“In 2017, we collected skin biopsies that were imported to the U.S. for study at the Colorado State University vet school,” said Dr. Dadone. “Our team there confirmed preliminary findings that the skin condition is associated with a parasite, so in April 2018 we started a treatment trial in Murchison Falls with a long-acting parasite treatment. The Operation Twiga III team treated all the giraffe with this parasite medication before they were moved from Murchison Falls to Kidepo to help prevent the possible spread of disease to a new habitat.”

It is hoped that ongoing research at CMZ and other zoos using giraffe trained for voluntary blood collection will reveal how long the drug treatment lasts in giraffe, thus helping with disease management moving forward.

All three Twiga expeditions have been financially supported by Cheyenne Mountain Zoo’s conservation programming, which is funded primarily through Quarters for Conservation (guest tokens) and allocations from membership revenues. While $75,000 in direct support from CMZ was donated to the Twiga effort, many other zoos and organizations around the world also helped fundraise for this important work. In addition, many generous individual donations have been made consisting of both money and goods.

“The team brought many other much-needed things with them on the trip,” said Dr. Dadone. “These included medicines and supplies to help with anesthesia monitoring, patient health assessment, medical management and research, and three large field tents funded through a grant. The team also brought 22 pairs of combat boots for the Ugandan ranger team, donated by the 440th Affairs Battalion at Fort Carson and Jose Contreras of GI Jose Military Supply.

“The rangers previously only had galoshes,” said Dr. Dadone, “so the donation was greatly appreciated.”

Also greatly appreciated was the individual support given a Ugandan ranger by the name of Bridget. Bridget was part of Operation Twiga II, during which she revealed her desire to attend university for a degree in wildlife management. She simply didn’t have the money.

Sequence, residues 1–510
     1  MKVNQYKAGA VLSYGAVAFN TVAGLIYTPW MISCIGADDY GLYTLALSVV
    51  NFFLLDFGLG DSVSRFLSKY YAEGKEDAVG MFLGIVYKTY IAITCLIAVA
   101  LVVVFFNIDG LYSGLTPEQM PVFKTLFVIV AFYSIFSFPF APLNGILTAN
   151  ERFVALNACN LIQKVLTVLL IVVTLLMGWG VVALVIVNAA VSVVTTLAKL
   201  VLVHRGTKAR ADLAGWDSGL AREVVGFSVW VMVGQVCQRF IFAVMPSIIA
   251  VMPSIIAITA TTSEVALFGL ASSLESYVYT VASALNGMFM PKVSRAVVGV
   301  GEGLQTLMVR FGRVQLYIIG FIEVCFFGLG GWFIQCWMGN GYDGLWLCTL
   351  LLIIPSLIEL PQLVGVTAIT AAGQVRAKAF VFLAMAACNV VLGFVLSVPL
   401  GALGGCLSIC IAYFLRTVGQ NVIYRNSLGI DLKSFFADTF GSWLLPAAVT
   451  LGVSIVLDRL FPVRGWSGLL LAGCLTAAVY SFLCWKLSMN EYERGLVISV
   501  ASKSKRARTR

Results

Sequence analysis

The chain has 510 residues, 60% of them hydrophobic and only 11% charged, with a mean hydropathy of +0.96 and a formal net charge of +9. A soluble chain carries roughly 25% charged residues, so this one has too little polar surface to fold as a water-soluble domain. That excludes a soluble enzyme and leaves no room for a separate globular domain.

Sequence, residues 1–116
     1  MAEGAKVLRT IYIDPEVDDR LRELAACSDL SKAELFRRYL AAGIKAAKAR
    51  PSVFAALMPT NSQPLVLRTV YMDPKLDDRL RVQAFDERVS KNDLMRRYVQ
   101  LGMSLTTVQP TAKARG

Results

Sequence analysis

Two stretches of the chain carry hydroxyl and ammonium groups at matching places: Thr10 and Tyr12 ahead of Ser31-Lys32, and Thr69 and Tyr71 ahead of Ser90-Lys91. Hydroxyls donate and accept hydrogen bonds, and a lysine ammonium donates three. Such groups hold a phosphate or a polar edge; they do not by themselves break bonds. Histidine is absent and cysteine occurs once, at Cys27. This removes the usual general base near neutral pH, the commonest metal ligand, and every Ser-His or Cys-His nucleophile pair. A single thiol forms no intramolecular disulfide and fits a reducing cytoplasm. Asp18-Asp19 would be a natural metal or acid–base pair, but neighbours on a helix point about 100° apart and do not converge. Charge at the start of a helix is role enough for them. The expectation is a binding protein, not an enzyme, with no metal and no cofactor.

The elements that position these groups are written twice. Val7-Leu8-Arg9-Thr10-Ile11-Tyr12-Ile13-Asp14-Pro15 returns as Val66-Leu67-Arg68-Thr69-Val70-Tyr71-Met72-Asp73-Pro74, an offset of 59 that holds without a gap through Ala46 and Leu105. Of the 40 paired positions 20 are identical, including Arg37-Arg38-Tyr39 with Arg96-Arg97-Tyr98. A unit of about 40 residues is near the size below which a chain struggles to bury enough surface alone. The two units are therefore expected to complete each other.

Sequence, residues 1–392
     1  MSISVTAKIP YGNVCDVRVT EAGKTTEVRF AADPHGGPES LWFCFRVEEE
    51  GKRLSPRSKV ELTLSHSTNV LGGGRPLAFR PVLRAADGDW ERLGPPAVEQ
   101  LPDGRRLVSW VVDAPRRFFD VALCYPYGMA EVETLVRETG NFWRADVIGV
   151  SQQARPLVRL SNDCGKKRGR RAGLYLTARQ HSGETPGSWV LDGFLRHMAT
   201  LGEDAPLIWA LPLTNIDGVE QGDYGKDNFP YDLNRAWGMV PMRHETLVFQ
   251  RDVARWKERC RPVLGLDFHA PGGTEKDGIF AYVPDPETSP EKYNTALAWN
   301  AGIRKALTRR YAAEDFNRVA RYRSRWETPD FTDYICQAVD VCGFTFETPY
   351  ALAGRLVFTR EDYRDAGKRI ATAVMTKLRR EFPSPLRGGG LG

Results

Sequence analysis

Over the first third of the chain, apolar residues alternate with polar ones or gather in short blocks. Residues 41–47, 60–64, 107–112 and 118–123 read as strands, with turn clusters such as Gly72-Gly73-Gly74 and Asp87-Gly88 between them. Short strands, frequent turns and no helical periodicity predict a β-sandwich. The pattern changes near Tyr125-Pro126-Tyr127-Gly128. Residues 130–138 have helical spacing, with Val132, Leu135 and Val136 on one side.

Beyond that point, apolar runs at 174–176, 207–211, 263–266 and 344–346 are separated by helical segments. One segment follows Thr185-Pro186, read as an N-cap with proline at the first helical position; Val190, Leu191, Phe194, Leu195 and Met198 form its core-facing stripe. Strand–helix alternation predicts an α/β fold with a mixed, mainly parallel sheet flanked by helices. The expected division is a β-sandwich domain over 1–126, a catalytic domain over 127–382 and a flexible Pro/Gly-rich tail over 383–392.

“When one of CMZ’s docents heard Bridget’s story, they provided a scholarship for her to attend Makarere University in Uganda! She started school a few weeks ago,” Dr. Dadone said, adding that another anonymous docent purchased a laptop for her, while CMZ keepers pitched in for a backpack and school supplies. The team delivered the supplies soon after arriving in Uganda. They also visited the zoo in Entebbe to continue building conservation, education and animal care collaborations.

Cheyenne Mountain Zoo is committed to continued support of conservation efforts on behalf of wild giraffe, and you can help simply by visiting the Zoo. For each paid visit to the Zoo, 75¢ is directly allocated for conservation programs just like this one. Memberships also help support these efforts.

“Our community can also help by raising awareness for wild giraffe conservation,” said Dadone. “Their future is not secure; giraffe are already locally extinct in seven African countries. We know that oil drilling is a direct threat to some giraffe populations, so consider carpooling and taking other actions that help reduce your personal use of fossil fuels. Please also mark your calendar and help us celebrate World Giraffe Day each year (June 21) – the longest day of the year for our tallest land mammal.”